Initial block as name suggests, is executed only once and that too, when simulation starts. This is useful in writing test bench. If we have multiple initial blocks, then all of them are executed at beginning of simulation.   

Example

initial 
begin
    clk = 0;
    reset = 0;
    req_0 = 0;
    req_1 = 0;
end

 

In the above example at the beginning of simulation, (i.e when time = 0), all the variables inside the begin and end are driven zero.

Always Blocks

As name suggest, always block executes always. Unlike initial block, which executes only once, at the beginning of simulation? Second difference is always block should have sensitive list or delay associated with it.

 Sensitive list is the one which tells the always block when to execute the block of code, as shown in figure below. @ Symbol after the always reserved word indicates that always block will be triggers "at" condition in parenthesis after symbol @.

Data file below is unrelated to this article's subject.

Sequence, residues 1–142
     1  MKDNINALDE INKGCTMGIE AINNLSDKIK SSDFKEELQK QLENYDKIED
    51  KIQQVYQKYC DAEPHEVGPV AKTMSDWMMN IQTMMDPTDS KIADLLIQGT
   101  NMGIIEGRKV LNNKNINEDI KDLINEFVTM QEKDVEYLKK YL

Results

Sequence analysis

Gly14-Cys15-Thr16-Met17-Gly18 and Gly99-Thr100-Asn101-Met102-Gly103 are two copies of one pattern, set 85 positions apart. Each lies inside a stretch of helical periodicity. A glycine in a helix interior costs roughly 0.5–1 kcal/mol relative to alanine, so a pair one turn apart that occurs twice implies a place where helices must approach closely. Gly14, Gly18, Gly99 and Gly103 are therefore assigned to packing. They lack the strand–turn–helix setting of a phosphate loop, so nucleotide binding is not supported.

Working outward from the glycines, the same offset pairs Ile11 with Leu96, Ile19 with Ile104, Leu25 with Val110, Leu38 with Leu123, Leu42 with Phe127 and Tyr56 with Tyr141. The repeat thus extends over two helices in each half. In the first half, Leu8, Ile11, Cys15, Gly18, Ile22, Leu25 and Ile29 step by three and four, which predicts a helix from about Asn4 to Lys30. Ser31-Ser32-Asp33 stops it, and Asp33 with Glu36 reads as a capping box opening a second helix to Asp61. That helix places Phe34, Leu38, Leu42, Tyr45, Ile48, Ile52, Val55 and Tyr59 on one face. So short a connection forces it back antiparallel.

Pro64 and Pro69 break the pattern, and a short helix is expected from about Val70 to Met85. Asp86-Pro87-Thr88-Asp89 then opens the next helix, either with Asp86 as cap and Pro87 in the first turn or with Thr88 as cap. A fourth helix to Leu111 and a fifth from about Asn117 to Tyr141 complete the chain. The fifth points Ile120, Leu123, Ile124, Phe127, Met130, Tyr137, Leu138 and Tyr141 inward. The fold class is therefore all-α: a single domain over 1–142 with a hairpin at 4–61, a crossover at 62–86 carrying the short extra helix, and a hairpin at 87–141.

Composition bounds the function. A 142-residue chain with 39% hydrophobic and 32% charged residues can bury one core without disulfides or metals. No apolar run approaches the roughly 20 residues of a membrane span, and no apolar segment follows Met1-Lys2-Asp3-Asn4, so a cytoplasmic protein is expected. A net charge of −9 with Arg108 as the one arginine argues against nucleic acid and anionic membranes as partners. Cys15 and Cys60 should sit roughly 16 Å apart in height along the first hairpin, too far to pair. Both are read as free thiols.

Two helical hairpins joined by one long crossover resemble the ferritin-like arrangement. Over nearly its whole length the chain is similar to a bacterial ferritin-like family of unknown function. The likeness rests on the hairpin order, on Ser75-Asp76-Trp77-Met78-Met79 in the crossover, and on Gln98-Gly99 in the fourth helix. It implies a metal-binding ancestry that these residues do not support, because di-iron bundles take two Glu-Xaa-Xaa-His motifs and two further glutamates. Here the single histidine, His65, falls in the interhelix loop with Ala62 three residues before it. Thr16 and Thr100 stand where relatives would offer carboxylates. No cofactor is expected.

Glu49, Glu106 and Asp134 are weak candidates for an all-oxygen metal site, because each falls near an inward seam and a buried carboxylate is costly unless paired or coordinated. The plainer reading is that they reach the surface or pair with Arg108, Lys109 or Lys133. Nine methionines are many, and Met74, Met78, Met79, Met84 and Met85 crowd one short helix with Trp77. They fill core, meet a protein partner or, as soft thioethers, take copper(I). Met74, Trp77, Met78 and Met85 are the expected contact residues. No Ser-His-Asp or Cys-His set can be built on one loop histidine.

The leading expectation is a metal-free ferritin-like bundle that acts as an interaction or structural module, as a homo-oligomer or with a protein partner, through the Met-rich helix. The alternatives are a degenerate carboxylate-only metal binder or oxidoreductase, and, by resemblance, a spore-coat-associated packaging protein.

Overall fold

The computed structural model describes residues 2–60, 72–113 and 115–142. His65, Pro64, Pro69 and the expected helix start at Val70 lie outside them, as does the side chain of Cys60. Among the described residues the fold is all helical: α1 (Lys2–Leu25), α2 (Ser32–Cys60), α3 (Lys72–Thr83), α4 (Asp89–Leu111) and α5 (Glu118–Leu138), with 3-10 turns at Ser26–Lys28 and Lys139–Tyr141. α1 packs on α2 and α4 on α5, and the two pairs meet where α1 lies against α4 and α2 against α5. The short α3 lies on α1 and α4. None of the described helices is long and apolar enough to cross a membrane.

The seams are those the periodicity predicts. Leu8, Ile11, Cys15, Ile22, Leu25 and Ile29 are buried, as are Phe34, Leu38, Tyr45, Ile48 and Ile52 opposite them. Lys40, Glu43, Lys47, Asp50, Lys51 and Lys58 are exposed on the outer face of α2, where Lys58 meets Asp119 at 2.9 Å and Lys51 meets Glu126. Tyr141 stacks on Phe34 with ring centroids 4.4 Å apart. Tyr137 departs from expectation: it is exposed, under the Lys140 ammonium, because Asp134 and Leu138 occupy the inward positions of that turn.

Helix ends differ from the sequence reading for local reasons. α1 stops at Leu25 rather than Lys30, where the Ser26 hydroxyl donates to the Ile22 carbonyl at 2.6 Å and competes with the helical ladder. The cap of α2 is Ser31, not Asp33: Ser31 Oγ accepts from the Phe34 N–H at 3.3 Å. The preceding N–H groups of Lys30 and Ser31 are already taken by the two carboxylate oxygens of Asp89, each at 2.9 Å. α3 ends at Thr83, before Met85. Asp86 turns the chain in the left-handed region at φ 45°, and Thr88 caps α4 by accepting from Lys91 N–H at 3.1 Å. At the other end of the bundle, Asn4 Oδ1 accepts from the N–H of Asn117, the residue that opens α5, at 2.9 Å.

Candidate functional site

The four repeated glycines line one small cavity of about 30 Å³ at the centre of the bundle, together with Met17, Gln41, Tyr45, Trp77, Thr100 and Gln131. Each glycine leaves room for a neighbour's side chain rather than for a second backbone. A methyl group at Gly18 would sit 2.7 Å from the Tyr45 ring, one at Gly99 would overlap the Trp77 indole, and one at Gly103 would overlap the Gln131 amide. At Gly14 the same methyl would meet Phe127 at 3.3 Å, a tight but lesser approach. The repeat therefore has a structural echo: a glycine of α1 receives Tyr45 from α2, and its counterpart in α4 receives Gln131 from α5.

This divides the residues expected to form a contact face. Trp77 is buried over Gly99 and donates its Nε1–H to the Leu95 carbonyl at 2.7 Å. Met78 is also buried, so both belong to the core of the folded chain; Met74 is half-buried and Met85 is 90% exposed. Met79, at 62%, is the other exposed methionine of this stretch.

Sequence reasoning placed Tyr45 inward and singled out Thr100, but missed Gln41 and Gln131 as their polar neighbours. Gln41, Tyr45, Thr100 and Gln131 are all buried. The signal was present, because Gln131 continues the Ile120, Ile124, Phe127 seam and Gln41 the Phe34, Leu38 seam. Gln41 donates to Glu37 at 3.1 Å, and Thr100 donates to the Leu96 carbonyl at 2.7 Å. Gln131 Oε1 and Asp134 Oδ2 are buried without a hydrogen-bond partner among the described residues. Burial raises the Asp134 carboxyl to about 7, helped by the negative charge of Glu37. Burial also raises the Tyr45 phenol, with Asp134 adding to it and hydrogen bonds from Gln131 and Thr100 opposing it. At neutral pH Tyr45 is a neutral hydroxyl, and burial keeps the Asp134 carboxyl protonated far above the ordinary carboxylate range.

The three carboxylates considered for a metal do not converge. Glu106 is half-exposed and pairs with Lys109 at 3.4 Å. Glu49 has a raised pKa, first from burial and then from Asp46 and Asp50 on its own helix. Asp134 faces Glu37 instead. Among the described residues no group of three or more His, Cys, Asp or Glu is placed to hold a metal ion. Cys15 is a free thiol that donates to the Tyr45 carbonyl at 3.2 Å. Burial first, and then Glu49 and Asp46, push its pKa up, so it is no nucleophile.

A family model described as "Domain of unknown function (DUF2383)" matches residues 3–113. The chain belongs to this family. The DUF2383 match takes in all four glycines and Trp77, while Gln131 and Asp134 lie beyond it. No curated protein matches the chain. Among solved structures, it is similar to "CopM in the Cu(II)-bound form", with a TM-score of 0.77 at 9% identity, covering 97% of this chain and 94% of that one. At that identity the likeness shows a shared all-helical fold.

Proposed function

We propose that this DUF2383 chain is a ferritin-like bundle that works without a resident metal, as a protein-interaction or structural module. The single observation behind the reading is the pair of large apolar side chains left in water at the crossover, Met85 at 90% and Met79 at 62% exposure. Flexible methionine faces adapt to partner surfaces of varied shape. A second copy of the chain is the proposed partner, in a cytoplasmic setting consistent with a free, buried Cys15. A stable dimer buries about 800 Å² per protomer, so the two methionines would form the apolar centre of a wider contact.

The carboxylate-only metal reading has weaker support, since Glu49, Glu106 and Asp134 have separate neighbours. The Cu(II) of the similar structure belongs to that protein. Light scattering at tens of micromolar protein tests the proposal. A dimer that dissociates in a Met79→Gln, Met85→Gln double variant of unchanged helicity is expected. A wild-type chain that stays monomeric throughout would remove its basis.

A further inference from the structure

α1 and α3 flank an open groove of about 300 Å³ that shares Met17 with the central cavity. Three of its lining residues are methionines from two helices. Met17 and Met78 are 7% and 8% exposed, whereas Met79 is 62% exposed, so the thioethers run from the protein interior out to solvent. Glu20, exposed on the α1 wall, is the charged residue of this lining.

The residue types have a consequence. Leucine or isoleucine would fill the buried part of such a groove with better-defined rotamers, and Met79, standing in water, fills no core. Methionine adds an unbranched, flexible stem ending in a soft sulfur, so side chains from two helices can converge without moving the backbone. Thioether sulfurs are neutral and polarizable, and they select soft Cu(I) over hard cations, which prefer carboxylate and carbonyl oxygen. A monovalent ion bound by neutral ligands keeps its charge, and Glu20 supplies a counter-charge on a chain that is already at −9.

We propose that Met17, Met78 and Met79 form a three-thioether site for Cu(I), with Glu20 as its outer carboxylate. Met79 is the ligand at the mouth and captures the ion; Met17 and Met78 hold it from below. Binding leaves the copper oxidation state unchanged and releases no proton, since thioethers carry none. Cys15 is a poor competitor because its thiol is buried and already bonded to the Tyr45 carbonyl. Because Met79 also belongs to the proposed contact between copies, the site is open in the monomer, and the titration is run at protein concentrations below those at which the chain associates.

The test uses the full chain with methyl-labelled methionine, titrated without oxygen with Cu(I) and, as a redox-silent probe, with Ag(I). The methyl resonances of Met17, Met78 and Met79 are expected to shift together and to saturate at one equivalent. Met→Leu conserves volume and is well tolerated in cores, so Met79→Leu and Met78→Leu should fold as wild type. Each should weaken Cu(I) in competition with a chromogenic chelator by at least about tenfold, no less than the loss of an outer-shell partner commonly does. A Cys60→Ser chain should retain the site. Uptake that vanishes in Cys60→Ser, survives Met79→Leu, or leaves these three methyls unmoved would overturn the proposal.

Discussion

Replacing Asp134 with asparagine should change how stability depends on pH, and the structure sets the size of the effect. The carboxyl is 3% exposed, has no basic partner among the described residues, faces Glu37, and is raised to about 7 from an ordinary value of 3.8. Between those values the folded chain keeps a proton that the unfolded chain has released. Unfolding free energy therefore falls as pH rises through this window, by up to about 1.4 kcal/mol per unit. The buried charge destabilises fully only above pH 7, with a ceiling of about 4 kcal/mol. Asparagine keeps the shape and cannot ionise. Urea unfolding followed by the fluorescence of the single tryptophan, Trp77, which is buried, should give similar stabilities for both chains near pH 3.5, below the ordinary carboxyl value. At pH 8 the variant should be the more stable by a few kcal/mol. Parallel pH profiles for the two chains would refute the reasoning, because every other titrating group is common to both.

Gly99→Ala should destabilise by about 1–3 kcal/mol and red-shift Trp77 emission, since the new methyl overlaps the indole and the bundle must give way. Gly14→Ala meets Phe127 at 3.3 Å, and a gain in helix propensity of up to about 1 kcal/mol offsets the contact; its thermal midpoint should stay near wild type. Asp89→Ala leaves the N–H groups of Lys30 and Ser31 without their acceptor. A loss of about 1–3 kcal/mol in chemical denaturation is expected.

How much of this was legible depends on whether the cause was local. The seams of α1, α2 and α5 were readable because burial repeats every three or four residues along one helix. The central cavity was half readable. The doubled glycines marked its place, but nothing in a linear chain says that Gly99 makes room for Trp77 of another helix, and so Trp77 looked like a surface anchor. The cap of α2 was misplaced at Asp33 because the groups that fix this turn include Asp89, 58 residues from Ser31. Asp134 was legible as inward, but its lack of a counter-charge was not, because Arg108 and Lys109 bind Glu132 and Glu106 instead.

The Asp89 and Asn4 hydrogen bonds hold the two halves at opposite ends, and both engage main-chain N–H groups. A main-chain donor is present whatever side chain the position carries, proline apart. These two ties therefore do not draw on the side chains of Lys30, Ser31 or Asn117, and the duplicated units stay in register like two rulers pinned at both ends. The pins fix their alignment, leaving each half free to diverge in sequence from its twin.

One important note about always block is, it can not drive a wire data type, but can drive reg and integer data type.

always @ (a or b or sel)
begin
  y = 0;
  if (sel == 0) 
   begin
      y = a;
   end 
  else 
   begin
      y = b;
   end
end

 Above example is a 2:1 mux, with input a and b, sel is the select input and y is mux output. In any combination logic output is changes, whenever the input changes. This theory when applied to always blocks means that, the code inside always block needs to be executed when ever the input variables (or output controlling variables) change. This variables are the one which are included in the sensitive list, namely a, b and sel.